A TRAILBLAZER for black athletes.
And a pioneer for those who compete in sport after having transplants.
Orien Young, who has died aged 85, will be remembered as one of greatest athletes ever associated with Portsmouth.
Young was an international competitor who took part in the Vancouver Commonwealth Games in 1954.
And his dominance as a sprinter saw him collect 11 Hampshire county titles.
Young arrived in England from Bermuda around 1950 where he worked in the city’s dockyard, later becoming a electrical warfare expert on submarines.
The tale goes City of Portsmouth’s secretary, who also worked at the dockyard, heard of Young’s athletic talent and slipped a club membership form among official paperwork for Young to sign.
This Young did without significant attention, allowing the secretary to ask a week later why wasn’t he at the track – because he was a club member!
That paved the way for a link-up which was to ensure Young became a legendary athletics figure.
A regular in international competition, Young also competed at the same meet at Iffley Road in Oxford when Roger Bannister broke the four-minute mile in 1954.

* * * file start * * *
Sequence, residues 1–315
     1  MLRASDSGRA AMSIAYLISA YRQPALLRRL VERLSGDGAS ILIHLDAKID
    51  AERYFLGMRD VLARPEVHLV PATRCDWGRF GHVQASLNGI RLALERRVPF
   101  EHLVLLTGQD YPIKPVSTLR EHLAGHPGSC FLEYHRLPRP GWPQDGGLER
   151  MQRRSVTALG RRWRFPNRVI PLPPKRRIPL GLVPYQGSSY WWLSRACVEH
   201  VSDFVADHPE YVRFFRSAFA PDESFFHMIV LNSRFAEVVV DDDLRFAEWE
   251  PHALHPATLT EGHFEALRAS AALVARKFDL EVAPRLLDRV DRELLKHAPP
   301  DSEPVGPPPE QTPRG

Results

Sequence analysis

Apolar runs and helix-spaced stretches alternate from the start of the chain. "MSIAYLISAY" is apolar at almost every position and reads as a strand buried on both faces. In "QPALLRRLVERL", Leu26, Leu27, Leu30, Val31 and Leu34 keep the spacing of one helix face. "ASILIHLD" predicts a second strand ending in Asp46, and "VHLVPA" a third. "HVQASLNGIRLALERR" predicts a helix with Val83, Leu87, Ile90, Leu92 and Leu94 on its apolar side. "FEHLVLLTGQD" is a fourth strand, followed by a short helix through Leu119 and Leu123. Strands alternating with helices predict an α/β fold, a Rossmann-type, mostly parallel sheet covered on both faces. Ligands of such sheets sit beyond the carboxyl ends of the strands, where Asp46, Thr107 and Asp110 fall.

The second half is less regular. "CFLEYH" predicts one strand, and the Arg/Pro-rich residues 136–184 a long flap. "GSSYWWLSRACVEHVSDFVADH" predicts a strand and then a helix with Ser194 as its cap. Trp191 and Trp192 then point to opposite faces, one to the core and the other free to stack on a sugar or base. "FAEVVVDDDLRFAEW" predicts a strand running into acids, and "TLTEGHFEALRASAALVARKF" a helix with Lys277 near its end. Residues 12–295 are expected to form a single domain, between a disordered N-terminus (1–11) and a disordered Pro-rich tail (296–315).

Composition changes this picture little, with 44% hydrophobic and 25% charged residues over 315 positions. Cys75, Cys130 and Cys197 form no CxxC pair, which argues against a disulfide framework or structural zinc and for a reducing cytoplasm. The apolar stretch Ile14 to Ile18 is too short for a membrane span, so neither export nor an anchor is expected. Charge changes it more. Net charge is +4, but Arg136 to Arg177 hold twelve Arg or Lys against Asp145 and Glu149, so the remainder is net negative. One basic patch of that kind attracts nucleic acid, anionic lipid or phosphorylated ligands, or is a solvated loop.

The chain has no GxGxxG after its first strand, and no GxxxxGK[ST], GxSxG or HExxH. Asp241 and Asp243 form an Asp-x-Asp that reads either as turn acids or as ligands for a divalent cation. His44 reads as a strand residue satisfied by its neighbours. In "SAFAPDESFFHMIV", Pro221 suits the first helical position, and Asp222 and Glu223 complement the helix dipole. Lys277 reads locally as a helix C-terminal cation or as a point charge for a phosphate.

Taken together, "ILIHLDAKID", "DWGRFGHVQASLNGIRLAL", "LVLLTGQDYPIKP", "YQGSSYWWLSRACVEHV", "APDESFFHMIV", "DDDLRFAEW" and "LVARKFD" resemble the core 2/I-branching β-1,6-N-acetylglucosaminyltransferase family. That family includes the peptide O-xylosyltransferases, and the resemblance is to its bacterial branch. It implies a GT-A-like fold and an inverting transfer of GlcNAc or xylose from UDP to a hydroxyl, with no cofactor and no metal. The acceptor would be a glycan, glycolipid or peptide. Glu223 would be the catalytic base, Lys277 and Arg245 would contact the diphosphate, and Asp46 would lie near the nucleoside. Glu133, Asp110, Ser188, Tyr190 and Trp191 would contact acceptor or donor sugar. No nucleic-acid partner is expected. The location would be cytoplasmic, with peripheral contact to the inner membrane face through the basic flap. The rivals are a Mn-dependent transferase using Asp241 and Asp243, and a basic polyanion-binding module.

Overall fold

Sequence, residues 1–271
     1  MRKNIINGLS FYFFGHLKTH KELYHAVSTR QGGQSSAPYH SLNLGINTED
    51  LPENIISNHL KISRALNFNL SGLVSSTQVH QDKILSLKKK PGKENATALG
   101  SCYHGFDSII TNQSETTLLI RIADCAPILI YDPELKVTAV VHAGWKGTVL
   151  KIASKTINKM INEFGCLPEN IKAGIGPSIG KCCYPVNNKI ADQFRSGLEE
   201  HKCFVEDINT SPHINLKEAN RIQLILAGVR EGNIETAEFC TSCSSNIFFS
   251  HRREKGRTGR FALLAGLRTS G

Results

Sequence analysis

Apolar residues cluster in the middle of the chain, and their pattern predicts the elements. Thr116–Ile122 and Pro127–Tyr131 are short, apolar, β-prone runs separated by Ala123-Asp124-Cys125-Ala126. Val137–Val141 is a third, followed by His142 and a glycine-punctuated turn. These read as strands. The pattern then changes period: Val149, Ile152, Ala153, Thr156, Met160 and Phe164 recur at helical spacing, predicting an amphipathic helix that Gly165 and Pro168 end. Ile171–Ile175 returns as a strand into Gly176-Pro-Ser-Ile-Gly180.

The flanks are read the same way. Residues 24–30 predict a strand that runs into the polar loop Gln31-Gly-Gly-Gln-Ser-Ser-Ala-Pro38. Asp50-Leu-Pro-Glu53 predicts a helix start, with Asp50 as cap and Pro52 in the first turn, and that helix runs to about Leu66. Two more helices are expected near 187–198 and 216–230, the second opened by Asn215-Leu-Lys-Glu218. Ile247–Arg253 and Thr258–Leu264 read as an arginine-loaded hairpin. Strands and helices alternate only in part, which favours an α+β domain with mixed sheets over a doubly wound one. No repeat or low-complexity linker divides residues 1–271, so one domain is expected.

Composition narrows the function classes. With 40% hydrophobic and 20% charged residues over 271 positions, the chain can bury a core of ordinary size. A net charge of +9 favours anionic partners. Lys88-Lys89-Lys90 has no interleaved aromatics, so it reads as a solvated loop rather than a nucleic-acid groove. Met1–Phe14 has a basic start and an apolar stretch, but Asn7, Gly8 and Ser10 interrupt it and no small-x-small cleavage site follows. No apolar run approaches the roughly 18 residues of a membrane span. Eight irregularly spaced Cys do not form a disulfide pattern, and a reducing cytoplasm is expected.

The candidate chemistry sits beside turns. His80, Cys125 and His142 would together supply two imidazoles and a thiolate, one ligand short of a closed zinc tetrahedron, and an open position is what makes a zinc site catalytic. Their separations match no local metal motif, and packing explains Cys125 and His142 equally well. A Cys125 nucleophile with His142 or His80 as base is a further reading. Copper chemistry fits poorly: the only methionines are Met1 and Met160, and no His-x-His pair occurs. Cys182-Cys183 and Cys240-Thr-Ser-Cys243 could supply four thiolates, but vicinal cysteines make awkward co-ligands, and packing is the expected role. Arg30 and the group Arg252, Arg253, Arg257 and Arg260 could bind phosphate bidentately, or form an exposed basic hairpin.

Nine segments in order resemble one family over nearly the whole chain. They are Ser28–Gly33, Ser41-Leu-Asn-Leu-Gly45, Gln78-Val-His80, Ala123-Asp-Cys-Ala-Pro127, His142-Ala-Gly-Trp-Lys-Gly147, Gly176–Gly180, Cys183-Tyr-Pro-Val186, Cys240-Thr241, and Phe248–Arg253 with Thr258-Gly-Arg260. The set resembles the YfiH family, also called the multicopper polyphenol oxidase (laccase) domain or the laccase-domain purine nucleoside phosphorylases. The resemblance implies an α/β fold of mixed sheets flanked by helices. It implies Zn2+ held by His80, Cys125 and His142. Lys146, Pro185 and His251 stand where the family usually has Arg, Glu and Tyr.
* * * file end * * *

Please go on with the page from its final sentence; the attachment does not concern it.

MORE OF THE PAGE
Young remains a City club record-holder to this day and, after his running career came to a close, became a renowned coach.
Young became a senior UK Athletics and City master coach as he dedicated his life to coaching, officiating and managing the outfit.
Honorary life vice president was a role he held with City along with, for many years, club president.
Young was also a key figure in the British Transplant Games - with the first Games held in the city in 1978. He remained active coaching transplant athletes until his death.
In later years, Young himself was on dialysis and had two kidney transplants.
Young is survived by his wife Shirley and daughter Geraldine.
Young will complete his final 100m on the Mountbatten Centre track tomorrow (11.30am) followed by his funeral at the The Oaks Crematorium in Havant (12.15pm).